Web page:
A combination of market reform and a rebound in foreign investment is expected to underpin stronger growth in Myanmar’s economy this year and into 2018.
The process of opening up the economy to private sector and overseas involvement took a key step forward in mid-June, with the Ministry of Commerce announcing further liberalisation of trade and import regulations.
Under the new rules issued in mid-June, foreign companies are now permitted to trade and import fertilisers, seeds, pesticides, hospital equipment and construction materials, in accordance with the Myanmar Harmonised System commodity code. Trade of these products was formerly limited to domestic firms, or those working in partnership with overseas companies.
The easing of these restrictions should help clear supply bottlenecks in the agricultural, health care and construction industries, with knock-on benefits expected for broader economic growth.
Setting the stage for investment
The new Myanmar Investment Law, which came into force in April, should also play a major role in supporting renewed FDI inflows, having levelled the playing field by bringing two distinct pieces of legislation for foreign and domestic investment under the same regulatory framework.
The business community is also expecting the adoption of the Companies Act, which will help to regulate the local operating environment. Authorities are currently working to prepare the legislation for ratification before the end of the year.
In addition to making the Companies Act conform to the new Myanmar Investment Law, the proposed amendments are seen as vastly different from the old act, and should both make it easier to set-up companies and register them electronically.
Other reforms bode well for the opening up of the retail sector to 100% foreign-owned companies. The way forward was paved by the Myanmar Investment Commission’s Notification 15/2017, dated April 10, 2017. The notification allows foreigners to participate in retailing and wholesale services, subject to the approval of the Ministry of Commerce. Judging by the Ministry of Commerce’s actions last June, it will only be a matter of time before there is further liberalisation of trade and import regulations.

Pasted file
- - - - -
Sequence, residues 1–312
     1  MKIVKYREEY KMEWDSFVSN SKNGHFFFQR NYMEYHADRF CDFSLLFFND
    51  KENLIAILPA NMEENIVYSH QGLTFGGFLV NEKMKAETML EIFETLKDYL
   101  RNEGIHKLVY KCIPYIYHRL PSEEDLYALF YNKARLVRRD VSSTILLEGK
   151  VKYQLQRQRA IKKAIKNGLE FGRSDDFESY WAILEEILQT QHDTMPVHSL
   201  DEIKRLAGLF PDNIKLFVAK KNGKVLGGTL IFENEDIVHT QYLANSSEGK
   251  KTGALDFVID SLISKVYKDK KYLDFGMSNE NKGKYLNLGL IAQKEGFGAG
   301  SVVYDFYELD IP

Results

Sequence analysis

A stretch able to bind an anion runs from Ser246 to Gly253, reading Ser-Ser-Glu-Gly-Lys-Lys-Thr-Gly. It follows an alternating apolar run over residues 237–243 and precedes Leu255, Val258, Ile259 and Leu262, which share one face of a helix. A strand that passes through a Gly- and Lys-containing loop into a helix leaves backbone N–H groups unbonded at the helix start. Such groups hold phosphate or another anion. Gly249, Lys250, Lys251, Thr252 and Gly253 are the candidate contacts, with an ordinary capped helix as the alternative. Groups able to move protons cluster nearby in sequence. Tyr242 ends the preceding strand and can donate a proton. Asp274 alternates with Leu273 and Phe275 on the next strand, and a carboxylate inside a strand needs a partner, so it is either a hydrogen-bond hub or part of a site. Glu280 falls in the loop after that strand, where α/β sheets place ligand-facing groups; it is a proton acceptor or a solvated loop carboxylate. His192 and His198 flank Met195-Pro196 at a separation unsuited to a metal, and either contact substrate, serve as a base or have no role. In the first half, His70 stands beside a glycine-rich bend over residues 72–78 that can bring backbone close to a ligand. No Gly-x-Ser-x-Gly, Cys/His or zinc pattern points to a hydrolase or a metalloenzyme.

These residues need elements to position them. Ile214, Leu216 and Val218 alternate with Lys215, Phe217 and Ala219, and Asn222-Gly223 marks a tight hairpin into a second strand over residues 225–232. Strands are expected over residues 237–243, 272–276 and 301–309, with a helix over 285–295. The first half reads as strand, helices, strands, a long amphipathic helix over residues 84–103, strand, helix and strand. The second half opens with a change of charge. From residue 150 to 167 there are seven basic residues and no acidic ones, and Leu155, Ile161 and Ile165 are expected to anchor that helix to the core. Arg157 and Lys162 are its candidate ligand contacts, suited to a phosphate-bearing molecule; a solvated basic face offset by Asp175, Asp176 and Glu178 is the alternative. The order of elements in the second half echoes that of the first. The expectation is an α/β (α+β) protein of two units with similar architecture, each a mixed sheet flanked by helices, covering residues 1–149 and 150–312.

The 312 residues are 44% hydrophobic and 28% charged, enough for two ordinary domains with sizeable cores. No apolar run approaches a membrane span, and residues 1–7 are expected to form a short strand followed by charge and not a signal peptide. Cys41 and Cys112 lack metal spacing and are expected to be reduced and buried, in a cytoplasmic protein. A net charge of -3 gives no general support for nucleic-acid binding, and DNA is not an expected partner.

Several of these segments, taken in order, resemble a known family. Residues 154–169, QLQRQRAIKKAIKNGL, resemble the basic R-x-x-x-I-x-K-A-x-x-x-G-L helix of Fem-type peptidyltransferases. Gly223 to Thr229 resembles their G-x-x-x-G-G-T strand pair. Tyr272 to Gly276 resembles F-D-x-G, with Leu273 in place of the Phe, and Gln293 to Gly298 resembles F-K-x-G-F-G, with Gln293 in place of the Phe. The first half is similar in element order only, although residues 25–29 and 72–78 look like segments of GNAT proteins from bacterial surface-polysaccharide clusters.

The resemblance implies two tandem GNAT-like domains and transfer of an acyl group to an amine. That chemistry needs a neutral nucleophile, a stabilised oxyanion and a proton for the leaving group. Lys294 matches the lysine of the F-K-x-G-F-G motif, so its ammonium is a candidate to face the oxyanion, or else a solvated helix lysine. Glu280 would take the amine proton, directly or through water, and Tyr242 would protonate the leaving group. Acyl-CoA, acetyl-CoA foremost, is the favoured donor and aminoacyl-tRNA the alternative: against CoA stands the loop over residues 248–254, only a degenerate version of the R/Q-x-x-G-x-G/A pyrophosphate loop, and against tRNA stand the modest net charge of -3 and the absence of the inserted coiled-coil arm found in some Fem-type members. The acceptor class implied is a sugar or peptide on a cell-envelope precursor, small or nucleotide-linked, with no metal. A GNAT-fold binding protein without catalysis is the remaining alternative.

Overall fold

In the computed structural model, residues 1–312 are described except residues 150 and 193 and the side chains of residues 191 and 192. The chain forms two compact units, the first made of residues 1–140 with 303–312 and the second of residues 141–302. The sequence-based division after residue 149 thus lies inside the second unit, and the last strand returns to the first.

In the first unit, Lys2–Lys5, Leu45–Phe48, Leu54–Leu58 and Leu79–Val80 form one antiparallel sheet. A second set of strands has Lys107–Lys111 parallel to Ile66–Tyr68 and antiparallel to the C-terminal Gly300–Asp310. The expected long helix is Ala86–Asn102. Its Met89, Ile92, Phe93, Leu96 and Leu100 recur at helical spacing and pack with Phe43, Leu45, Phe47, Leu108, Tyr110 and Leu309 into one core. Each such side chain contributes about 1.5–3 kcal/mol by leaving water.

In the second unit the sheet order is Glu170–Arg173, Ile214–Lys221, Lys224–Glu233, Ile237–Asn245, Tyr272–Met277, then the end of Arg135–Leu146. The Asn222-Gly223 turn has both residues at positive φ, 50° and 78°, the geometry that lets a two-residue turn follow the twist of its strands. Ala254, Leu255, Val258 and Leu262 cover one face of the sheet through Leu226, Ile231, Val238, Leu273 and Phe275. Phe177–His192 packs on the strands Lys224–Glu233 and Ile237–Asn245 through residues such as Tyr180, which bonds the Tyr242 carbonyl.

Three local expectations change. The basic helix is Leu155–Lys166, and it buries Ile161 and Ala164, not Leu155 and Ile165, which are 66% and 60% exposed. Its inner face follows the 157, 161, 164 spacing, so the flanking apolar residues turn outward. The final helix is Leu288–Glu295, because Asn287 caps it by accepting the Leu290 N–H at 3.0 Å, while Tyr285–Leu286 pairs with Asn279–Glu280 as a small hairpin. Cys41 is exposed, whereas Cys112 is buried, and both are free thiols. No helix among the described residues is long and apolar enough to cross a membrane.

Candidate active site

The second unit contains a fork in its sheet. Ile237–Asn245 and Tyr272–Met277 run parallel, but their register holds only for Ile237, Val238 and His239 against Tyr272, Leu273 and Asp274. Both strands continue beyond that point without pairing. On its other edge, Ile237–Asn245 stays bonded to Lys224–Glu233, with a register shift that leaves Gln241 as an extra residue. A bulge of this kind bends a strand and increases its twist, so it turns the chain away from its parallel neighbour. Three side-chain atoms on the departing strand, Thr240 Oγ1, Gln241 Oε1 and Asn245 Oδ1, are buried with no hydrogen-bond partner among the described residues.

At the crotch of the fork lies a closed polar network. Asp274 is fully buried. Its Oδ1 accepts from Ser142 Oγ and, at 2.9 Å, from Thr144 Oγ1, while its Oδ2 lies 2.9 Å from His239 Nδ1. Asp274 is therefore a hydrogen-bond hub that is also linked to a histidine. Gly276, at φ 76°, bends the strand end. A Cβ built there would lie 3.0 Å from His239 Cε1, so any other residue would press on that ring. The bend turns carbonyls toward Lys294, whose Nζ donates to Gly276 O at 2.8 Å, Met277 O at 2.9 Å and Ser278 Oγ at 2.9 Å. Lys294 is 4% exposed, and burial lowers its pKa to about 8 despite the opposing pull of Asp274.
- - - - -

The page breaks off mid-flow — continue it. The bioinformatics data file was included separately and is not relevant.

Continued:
Both the Asian Development Bank and the IMF expect foreign investment to accelerate, and early signs look positive: $1.85bn worth of foreign direct investment (FDI) was approved by the Myanmar Investment Commission in the first quarter of FY 2017/18, with June alone seeing $713.4m in ratified investment from 22 overseas companies.
In FY 2016/17 Myanmar attracted more than $6.87bn in FDI, according to data issued by the Myanmar Investment Commission. While this figure was above the $6bn target set later in the financial year, it fell below the $8bn bar set by the Directorate of Investment and Company Administration, and was short of the $9.5bn FDI posted in FY 2015/16.
Work in progress
Widely recognised impediments to attracting higher levels of foreign investment in Myanmar are related to infrastructure; in particular, a lack of electricity access and underdeveloped transport networks.
To finance these development needs, the government will need to look to the private sector, according to U Win Khaing, minister of construction.
“We are working to expand electricity access and increase road connectivity. However, given our budgetary limitations, these projects can only be undertaken in partnership with international investors and financial institutions, preferably under public-private partnership models,” he told OBG.
“We must also look to increase interaction with local and international stakeholders to align the construction industry with international standards and good governance practices,” he added.
During FY 2016/17, which ended on March 1, GDP growth slowed from 7.4% to 6.4%. Much of this cooling has been attributed to external factors, such as the continued impact of flooding between July and September 2015, and declines in global commodities prices.
However, some of the root causes have been internal, including weaker construction activity in Yangon due to regulatory compliance, according to the IMF’s most recent Article IV consultation.
The transition of power following the election of the National League for Democracy at the end of January 2016 has also slowed the pace of reform, as the new government gets to grips with the task of reshaping the economic focus to consolidate growth and stability.
However, as legislative changes enacted over the past year begin to take effect and global market conditions pick up, the country’s economy should gain momentum both this year and next.
GDP is forecast to expand by 7.7% in FY 2017/18 and by 8% in FY 2018/19, according to the latest projections from the ADB.
This economic update was produced in partnership with Kelvin Chia Yangon